Make the decision you want to. Eventually, you grow into that decision through your commitment and personal resolve. Your goals are something you grow into.

This isn’t faking anything.

It’s living with intention.

It’s living with definiteness of purpose.

So what’s the challenge?

Publicly commit to something to TODAY.Benjamin Hardy

Thanks again, Benjamin Hardy…and Nathan Mills…and all of you have a safe and restful weekend. Live with intentionality, and be kind to yourselves. That kindness will splash out on others.

5 Friday Faves – Reading Wars, Lord of the Rings on Guitar, Walking in America, Boomer Parents, and Susan Boyle

You know the story…how fast this week (this month, this year) is flying by. No time to waste. So let’s get right with it. Five of my favorite finds this week.

  1. Reading Wars – What does that even mean, right? It’s the title of Philip Yancey‘s captivating article on waging battle on the mental clutter that crowds out even the possibility of deep thinking. What is our weapon against the onslaught of shallow that we expose ourselves through social media, email, and texting communication? Reading. Reading for learning. So simple and yet how many minutes a week do we commit to it?

“A commitment to reading is an ongoing battle, somewhat like the battle against the seduction of internet pornography. We have to build a fortress with walls strong enough to withstand the temptations of that powerful dopamine rush [which also happens with distracted media scanning] while also providing shelter for an environment that allows deep reading to flourish.” (Philip Yancey)

Photo Credit: Envision Experience

Sure, we can learn from what we find on social media. My friend Ann Lovell pointed us to this article through her Facebook page. If I just scan the article then I continue to “not” learn from it…as happens with most of the content that shows up in my various newsfeeds. This time…I’m taking it to heart. Yancey points out several cultural powerhouses who commit to a mininum of 5 hours of reading a week. I am joining them. Thanks, Mr. Yancey. Thanks, Ann.

[Sidebar: Whole cultures in the world prefer oral vs. written information delivery. Deep, detail-rich, reproducible storying. I wonder how these cultures are changing because of the same short-cut habits of sharing information we have developed here in the West. What do you think?

2) Lord of the Rings on Guitar – Nathan Mills of Beyond the Guitar posted another of his arrangements this week. This one is from the legend Lord of the Rings Trilogy. You who love LOTR as much as I do will recognize The Riders of Rohan. It is another great orchestral piece translated by Nathan to classical guitar (like Beyond the Guitar‘s recent Game of Thrones arrangement). Just beautiful. Takes us back to the glorious battles of Lord of the Rings.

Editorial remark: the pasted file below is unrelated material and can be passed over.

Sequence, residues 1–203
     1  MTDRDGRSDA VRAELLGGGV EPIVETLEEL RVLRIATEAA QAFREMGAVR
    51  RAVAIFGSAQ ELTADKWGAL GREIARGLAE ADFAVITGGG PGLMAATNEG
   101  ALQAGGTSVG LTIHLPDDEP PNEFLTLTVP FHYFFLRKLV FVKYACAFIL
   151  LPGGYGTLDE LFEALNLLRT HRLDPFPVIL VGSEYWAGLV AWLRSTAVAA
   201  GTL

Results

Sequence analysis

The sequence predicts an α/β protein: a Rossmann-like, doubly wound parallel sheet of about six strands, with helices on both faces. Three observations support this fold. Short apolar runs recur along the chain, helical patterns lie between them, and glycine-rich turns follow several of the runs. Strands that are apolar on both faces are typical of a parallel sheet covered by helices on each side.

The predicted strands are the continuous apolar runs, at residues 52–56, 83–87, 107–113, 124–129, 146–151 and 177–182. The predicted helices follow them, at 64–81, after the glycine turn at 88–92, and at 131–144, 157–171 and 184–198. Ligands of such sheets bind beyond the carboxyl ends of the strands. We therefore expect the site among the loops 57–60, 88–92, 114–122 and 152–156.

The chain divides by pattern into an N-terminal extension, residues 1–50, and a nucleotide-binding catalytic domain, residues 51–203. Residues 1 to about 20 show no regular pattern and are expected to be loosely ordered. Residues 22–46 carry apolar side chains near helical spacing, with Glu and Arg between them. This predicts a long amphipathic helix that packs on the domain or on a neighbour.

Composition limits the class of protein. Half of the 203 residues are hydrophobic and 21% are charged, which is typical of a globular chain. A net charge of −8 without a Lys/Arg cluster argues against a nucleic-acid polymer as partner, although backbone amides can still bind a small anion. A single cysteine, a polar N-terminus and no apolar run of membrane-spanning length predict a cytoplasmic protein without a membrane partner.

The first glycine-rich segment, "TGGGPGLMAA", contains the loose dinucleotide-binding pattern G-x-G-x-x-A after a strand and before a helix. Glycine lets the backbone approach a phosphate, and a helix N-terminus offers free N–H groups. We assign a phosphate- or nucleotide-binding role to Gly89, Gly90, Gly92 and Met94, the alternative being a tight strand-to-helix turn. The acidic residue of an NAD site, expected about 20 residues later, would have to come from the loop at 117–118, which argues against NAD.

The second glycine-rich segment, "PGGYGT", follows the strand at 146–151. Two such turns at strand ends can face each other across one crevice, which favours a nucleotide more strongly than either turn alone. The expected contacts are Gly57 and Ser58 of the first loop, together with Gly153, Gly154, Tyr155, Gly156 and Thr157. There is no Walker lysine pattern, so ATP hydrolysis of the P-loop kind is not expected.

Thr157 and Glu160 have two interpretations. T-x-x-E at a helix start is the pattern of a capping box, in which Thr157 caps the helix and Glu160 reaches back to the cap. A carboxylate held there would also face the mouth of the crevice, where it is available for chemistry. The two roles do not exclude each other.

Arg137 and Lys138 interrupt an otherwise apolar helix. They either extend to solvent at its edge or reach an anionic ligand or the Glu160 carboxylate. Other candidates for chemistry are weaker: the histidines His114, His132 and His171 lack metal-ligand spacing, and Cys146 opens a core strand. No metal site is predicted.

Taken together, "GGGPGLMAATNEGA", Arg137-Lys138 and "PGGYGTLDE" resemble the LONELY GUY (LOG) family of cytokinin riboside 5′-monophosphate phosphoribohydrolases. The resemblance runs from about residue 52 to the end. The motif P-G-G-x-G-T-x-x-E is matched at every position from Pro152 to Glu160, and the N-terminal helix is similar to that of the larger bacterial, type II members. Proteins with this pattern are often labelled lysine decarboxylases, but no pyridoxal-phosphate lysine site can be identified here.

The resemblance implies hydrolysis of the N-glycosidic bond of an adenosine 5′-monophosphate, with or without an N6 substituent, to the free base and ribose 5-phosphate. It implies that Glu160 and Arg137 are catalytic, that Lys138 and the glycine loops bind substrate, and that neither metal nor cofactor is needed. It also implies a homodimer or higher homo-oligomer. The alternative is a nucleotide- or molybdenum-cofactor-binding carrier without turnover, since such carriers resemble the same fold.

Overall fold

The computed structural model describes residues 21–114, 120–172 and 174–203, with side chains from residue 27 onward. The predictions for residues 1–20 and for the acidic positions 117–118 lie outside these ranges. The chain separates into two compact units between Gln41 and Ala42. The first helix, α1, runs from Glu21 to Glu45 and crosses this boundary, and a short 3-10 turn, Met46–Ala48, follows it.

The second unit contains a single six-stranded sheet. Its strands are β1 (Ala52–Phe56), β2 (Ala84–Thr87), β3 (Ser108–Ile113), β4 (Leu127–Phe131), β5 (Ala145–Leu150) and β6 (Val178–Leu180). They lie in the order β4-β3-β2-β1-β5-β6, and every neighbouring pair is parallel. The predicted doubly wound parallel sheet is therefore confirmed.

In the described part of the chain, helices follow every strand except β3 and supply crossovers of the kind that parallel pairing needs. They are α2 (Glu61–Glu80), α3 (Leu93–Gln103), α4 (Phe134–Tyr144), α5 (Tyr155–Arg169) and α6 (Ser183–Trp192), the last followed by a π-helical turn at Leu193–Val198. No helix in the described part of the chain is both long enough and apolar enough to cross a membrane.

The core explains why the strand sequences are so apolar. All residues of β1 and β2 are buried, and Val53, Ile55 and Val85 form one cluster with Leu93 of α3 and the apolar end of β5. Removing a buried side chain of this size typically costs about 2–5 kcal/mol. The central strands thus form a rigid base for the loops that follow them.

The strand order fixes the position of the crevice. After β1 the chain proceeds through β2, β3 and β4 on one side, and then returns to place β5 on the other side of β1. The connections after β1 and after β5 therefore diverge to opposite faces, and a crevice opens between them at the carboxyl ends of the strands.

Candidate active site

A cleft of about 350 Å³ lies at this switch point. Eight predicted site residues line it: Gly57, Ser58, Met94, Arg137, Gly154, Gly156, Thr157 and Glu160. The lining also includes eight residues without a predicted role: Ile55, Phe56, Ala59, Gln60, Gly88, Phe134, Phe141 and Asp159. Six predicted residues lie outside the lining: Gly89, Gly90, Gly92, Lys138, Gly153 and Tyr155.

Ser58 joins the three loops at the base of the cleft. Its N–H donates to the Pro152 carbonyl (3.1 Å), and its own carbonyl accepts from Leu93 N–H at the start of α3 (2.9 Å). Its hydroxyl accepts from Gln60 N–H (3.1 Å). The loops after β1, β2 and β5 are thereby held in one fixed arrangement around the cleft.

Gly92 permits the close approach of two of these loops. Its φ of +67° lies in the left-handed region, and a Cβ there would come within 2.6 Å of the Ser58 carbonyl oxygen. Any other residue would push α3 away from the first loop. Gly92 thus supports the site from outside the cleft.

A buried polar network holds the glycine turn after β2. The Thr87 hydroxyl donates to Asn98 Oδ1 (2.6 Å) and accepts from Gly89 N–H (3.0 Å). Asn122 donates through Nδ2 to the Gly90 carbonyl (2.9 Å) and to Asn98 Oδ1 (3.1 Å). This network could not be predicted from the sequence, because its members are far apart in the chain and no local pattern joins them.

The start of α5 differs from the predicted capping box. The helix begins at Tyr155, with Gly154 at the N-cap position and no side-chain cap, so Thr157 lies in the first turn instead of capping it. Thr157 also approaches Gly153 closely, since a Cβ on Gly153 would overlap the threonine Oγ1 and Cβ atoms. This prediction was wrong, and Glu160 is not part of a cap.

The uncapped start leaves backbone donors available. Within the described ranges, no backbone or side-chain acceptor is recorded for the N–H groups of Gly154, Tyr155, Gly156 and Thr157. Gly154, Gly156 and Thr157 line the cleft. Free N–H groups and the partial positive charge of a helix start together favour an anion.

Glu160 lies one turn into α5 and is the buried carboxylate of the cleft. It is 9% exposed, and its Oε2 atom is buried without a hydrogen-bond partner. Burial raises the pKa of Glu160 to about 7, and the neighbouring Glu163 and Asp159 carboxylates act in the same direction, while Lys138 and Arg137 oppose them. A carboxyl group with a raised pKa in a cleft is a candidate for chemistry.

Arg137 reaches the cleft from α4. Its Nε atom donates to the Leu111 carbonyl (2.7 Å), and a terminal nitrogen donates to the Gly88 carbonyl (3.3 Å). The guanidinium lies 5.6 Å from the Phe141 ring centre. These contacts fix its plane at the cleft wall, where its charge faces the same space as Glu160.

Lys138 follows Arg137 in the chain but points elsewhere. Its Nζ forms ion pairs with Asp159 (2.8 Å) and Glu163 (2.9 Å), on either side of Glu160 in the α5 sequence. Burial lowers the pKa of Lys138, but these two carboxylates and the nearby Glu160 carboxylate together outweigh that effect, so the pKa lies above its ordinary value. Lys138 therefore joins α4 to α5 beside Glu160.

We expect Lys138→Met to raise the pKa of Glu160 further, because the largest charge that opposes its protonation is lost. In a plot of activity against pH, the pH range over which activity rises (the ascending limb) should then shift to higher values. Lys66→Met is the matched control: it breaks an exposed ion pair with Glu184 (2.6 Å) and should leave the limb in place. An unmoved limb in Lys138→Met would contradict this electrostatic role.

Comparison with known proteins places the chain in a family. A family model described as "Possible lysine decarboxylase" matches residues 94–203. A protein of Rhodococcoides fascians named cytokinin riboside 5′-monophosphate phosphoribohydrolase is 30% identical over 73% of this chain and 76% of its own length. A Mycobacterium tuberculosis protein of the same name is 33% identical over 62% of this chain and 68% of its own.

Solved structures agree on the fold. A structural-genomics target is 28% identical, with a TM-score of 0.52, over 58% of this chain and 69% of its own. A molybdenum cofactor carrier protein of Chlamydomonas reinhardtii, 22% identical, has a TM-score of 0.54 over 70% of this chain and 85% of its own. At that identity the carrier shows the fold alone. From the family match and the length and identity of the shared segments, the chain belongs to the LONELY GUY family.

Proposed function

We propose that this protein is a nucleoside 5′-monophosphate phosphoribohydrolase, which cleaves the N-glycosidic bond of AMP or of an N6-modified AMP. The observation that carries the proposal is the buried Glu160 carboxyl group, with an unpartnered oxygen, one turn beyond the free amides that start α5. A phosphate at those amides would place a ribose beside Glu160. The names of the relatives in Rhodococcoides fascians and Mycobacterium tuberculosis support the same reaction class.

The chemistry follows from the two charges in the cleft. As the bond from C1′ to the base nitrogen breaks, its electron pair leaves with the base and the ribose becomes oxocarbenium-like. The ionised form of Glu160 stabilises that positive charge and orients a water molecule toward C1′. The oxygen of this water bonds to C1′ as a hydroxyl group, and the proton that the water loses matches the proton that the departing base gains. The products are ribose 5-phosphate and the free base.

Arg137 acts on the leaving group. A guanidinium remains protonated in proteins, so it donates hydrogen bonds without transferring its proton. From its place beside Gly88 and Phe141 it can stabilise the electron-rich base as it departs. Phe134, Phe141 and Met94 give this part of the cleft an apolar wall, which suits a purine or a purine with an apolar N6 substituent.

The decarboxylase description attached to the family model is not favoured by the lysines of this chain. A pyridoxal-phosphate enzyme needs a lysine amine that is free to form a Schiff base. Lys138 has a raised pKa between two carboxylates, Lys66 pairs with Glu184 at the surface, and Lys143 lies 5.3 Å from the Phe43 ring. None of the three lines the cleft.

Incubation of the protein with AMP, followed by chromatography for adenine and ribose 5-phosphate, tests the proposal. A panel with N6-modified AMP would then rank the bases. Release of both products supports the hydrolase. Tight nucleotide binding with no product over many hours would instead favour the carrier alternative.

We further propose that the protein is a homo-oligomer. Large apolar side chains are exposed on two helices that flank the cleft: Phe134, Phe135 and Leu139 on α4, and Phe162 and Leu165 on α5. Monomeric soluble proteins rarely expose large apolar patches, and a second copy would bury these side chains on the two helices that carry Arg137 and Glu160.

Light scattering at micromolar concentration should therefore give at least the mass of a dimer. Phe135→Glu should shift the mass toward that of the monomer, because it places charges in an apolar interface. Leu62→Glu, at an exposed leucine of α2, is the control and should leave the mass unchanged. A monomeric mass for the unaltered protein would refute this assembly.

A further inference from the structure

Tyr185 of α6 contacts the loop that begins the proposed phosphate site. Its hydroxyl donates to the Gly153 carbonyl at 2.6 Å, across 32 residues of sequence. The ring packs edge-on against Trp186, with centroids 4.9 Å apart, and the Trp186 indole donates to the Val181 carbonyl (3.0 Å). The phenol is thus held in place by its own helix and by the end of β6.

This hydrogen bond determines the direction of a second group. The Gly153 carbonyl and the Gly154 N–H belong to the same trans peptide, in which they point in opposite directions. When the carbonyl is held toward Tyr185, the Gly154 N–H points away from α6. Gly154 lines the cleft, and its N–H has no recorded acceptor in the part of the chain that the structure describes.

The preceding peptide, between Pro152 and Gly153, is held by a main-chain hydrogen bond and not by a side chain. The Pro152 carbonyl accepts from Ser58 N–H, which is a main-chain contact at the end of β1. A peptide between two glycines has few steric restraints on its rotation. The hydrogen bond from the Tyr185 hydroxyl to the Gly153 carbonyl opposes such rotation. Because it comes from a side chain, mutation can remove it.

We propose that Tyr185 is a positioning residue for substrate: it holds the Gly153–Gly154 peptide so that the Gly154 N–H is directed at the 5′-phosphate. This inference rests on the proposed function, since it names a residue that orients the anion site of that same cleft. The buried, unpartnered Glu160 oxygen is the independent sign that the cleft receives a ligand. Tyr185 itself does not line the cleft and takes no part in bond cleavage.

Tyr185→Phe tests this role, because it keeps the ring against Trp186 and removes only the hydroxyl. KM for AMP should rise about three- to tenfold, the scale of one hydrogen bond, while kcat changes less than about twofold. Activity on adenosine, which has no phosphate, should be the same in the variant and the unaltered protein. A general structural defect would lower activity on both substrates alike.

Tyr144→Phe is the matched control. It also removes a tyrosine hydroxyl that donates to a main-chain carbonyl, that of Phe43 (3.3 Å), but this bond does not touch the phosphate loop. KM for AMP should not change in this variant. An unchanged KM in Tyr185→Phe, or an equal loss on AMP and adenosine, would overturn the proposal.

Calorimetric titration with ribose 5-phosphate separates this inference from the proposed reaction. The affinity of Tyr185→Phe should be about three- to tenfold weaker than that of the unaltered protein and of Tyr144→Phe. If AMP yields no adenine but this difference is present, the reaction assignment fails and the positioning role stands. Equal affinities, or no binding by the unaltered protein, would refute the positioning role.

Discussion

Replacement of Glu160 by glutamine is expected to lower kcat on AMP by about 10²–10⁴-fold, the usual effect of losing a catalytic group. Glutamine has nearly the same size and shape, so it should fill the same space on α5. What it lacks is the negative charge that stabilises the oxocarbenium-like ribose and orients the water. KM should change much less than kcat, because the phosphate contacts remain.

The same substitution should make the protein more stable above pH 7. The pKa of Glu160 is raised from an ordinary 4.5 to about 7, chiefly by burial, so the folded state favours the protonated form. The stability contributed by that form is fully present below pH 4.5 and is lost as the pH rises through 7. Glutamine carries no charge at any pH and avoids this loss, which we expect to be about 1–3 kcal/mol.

3) Walking in America – I feel so fortunate to have neighbors who walk. They make it so easy for me to join in even 6 days a week. It’s amazing how such a simple exercise wakes up the brain and loosens up the body. Whether we can afford a gym or whatever our health situation, walking is something we can do for ourselves. [Winter pic, I know, but it shows these neighbors of mine are out walking in all kinds of weather.]

After seeing the video below comparing “Walking in America & Walking in South Korea” I am glad for an easy neighborhood to walk in. However, it’s also clear how those in huge cities make do, with walking and staying healthier.

We should walk as much as they do in South Korea.

Posted by ATTN: Life on Friday, July 14, 2017

Here’s How Much the Average American Walks Every Day – Laura Donovan

Here’s How People in 8 Other Countries Stay Healthy – Slideshow – Anna Medaris Miller

What Steps Data Tells Us About Country Lifestyles – Angela Chieh

4) Boomer Parents & Their Stuff – What are we going to do with all this stuff? Our parents’ stuff and our own. The kids just aren’t interested in it. Samantha Bronkar’s article on the subject is thought-provoking. What do we do with all the collections? All the unique, hand-worked furniture? All the china and glassware? When we start down-sizing, we may have to think creatively what we do to dispose of these treasures of years past. Any thoughts?Photo Credit: Pinterest

I wonder, if our civilization is around for another 100 years, what will be in our natural and civil history museums? There could be a gap with all the “stuff” that will go eventually into today’s landfills. Would love to hear your thinking on this…as one of the many with unwanted treasures.